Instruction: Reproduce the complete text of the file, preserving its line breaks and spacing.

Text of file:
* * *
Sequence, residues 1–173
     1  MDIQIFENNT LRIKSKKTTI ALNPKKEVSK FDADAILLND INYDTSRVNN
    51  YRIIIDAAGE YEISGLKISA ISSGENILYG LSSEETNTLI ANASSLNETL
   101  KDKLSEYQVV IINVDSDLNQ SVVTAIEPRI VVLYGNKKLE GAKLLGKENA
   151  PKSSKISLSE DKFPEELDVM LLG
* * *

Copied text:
Sequence, residues 1–173
     1  MDIQIFENNT LRIKSKKTTI ALNPKKEVSK FDADAILLND INYDTSRVNN
    51  YRIIIDAAGE YEISGLKISA ISSGENILYG LSSEETNTLI ANASSLNETL
   101  KDKLSEYQVV IINVDSDLNQ SVVTAIEPRI VVLYGNKKLE GAKLLGKENA
   151  PKSSKISLSE DKFPEELDVM LLG